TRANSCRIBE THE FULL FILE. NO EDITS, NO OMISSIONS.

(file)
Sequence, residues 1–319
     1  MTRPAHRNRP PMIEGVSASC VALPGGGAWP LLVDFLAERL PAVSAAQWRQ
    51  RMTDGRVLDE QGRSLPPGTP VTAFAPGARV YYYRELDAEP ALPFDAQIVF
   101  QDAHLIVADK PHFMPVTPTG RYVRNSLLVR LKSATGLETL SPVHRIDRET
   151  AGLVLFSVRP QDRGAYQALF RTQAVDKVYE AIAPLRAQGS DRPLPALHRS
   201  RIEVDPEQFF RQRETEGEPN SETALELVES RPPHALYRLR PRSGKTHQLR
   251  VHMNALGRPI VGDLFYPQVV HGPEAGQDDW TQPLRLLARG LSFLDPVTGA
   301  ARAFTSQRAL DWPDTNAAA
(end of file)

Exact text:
Sequence, residues 1–319
     1  MTRPAHRNRP PMIEGVSASC VALPGGGAWP LLVDFLAERL PAVSAAQWRQ
    51  RMTDGRVLDE QGRSLPPGTP VTAFAPGARV YYYRELDAEP ALPFDAQIVF
   101  QDAHLIVADK PHFMPVTPTG RYVRNSLLVR LKSATGLETL SPVHRIDRET
   151  AGLVLFSVRP QDRGAYQALF RTQAVDKVYE AIAPLRAQGS DRPLPALHRS
   201  RIEVDPEQFF RQRETEGEPN SETALELVES RPPHALYRLR PRSGKTHQLR
   251  VHMNALGRPI VGDLFYPQVV HGPEAGQDDW TQPLRLLARG LSFLDPVTGA
   301  ARAFTSQRAL DWPDTNAAA